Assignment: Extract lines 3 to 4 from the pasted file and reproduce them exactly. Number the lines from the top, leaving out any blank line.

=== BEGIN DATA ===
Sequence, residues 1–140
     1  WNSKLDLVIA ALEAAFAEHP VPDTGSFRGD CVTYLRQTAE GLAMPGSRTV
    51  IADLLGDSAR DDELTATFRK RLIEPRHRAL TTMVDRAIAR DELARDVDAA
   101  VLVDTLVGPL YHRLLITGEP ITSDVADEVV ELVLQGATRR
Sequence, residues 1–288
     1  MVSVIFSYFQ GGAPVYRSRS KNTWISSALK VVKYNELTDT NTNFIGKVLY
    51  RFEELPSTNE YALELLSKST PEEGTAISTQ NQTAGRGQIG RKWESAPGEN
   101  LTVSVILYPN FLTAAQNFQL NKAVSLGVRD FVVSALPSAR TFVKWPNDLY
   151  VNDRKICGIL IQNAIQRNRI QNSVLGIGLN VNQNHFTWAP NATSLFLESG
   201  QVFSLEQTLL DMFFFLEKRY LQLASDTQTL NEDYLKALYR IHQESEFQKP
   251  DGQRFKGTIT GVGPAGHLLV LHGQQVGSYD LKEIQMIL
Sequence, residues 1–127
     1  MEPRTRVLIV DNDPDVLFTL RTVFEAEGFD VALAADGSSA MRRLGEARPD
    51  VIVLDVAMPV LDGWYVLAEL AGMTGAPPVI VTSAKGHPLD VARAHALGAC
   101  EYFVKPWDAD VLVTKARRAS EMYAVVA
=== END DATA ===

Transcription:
    51  IADLLGDSAR DDELTATFRK RLIEPRHRAL TTMVDRAIAR DELARDVDAA
   101  VLVDTLVGPL YHRLLITGEP ITSDVADEVV ELVLQGATRR